Energy House of PainSubmitted by RetireWiseCFP on January 8th, 2016
2016 is an election year with no incumbent running. That means all the candidates will go negative on the economy and its prospects. Their game plan will be to say, “Everything is rotten—but pick me as your next president! I will fix it, and all will be perfect—if you elect me as your next president.”
Since the political and media echo-chamber will be banging negative drums through November 2016, let me be first to declare that: Yes, it is true the stock market was a bit wobbly in 2015 and there will invariably be more headwinds in 2016. However, I am confident that the American economy and its people are naturally resilient and will find a way to outperform other economies in 2016. I am America and I approve this message.
Where are we now?
The negative volatility in December and the not-surprisingly negative beginning to 2016 are associated with what I call the energy house of pain. The fundamental issue is this:Is the price of crude oil so low that American energy companies (upstream and downstream) are going to go belly up? This is no longer a trifling topic because, unlike a decade or two ago, America is now a net producer, not simply a net consumer, of oil. There are now more jobs (both clean energy and carbon energy jobs) on the line if crude oil prices stay too low and for too long. There are concerns about the cascading effect on banks, the corporate high-yield debt market, and revenues in states other than just Texas and Oklahoma, as many more states are now participants in the shale oil revolution.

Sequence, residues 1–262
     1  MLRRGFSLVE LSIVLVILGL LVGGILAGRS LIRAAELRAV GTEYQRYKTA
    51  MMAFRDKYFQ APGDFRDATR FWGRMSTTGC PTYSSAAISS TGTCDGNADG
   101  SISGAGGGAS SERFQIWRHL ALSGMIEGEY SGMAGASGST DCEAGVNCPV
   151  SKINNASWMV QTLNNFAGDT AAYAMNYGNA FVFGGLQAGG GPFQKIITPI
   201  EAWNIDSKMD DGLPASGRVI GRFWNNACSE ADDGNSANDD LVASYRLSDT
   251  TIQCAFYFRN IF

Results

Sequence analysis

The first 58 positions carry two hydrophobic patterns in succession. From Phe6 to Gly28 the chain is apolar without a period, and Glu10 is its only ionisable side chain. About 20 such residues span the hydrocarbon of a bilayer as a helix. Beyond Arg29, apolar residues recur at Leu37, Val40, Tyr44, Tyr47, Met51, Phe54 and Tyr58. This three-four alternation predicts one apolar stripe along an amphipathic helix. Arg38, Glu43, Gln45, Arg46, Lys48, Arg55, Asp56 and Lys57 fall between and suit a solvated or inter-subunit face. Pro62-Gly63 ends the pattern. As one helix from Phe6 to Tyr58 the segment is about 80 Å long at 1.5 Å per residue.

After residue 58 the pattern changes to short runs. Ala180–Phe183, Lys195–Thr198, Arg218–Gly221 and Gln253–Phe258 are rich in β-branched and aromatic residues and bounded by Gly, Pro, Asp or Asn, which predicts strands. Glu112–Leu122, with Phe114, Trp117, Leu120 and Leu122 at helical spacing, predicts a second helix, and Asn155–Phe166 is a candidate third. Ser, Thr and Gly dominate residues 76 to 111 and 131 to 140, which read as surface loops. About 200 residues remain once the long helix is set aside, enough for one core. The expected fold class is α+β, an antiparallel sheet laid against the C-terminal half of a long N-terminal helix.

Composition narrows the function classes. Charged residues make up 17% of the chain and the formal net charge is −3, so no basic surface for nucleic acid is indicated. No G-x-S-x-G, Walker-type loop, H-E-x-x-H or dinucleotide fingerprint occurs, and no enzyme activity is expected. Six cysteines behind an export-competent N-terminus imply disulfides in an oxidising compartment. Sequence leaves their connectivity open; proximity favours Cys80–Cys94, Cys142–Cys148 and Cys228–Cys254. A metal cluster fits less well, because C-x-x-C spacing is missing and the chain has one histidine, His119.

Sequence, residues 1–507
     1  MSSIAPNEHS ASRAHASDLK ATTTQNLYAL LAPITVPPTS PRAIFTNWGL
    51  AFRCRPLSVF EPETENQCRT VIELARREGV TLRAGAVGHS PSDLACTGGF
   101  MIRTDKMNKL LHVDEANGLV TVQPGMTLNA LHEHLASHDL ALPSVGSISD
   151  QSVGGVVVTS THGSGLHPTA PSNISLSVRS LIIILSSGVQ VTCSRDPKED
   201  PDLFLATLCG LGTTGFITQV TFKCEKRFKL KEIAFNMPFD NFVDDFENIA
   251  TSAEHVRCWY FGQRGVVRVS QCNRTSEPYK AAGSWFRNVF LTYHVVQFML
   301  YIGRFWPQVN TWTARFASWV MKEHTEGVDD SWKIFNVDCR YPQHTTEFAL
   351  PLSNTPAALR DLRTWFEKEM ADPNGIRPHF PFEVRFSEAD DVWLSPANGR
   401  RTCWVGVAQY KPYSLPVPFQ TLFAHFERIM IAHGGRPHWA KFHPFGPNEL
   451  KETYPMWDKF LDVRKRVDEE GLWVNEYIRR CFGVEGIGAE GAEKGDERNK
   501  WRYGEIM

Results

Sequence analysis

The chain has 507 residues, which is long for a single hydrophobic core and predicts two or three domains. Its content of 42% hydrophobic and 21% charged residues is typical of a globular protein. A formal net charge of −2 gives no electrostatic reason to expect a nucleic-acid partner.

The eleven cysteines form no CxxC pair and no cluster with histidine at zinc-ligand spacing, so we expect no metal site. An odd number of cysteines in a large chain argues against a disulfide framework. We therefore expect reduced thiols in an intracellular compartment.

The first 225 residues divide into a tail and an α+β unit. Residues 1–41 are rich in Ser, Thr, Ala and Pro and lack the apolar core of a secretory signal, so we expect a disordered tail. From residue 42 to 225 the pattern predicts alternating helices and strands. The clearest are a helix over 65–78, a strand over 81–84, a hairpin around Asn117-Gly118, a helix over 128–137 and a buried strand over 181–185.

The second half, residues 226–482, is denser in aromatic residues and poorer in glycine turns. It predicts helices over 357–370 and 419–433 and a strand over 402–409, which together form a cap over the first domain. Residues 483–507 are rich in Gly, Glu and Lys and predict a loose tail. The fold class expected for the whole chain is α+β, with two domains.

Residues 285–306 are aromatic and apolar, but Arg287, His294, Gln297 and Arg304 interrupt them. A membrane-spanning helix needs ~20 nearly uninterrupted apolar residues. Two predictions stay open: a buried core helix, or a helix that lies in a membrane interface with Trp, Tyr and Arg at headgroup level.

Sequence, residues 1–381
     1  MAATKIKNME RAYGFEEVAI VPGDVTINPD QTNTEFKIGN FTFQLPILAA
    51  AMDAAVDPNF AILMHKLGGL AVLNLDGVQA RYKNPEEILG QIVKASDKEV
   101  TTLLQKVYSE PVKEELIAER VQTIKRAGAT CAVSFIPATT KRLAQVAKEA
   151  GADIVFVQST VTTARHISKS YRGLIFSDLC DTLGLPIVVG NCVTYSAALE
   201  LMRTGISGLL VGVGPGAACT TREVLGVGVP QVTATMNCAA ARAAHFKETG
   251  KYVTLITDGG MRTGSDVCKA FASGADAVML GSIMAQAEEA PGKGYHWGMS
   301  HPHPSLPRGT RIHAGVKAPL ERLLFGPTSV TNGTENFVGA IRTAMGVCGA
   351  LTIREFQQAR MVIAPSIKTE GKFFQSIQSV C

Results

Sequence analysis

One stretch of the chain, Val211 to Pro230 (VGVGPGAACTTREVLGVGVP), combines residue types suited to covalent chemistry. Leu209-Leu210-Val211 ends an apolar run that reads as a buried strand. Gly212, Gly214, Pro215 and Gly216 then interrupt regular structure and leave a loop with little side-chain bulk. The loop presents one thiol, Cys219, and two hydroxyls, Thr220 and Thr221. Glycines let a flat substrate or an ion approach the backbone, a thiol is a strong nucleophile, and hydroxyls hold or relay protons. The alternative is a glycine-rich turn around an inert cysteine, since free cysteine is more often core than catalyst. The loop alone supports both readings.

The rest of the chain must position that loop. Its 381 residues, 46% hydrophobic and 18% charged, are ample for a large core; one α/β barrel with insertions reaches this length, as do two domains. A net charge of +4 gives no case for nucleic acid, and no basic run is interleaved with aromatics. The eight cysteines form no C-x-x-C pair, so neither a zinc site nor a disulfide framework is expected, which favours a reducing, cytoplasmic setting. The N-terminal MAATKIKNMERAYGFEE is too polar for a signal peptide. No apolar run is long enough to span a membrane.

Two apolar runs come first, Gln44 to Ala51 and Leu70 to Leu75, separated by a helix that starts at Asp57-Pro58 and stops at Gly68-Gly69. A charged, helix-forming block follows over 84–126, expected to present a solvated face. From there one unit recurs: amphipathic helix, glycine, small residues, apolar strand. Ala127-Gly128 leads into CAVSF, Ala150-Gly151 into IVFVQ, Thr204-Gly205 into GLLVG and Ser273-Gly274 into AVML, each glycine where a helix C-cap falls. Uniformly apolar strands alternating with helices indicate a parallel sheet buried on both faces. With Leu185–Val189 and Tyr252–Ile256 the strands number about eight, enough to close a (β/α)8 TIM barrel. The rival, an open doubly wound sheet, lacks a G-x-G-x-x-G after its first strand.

Where do we go from here?
2016 is going to be about disciplined action on our part. We must know what we own and why we own these companies. There should be no knee-jerk reactions to short-term noise and attention-grabbing headlines. If the companies we own are not performing, we have the courage to sell and move on. But if the companies we own are superior performers yet the market as a whole is in a bad mood about everything, we must have the discipline not to react. Yes, it may mean stock prices will be lower for the next 6 or 9 months, but the fundamentals of the American economy are still solid.
On fixed income and alternatives:
In my quarterly letter of October 2015, I wrote that the time had come for the Federal Reserve Bank to begin to raise rates. I wrote that it was time for confidence in the leadership of Chairwoman Janet Yellen. In December, after more than 8 years of cutting and maintaining interest rates, the Federal Reserve Bank did indeed raise interest rates. What is next? I think they are going to continue raising rates in 2016 until energy prices begin to rise later in 2016 and 2017.
What should we look out for?
More energy-induced turbulence and the Federal Reserve Bank continuing to raise rates until it invariably trips the economy into a recession. It is akin to being in a hospital and the attending physician continues to administer pain reduction medicine; but a continuous injection regime eventually trips the patient into a coma.
We need to keep cool as the toxic brew of negative headlines and politically motivated seeds of doubt and division confront investors. We need to keep in mind this salient truth:the American economy and its people are indeed strong and resilient. Our job amidst all to come in 2016 is disciplined thought and—more important—disciplined action.
Femi T. Shote, MSF, ChFC, CFP®
Accredited Investment Fiduciary®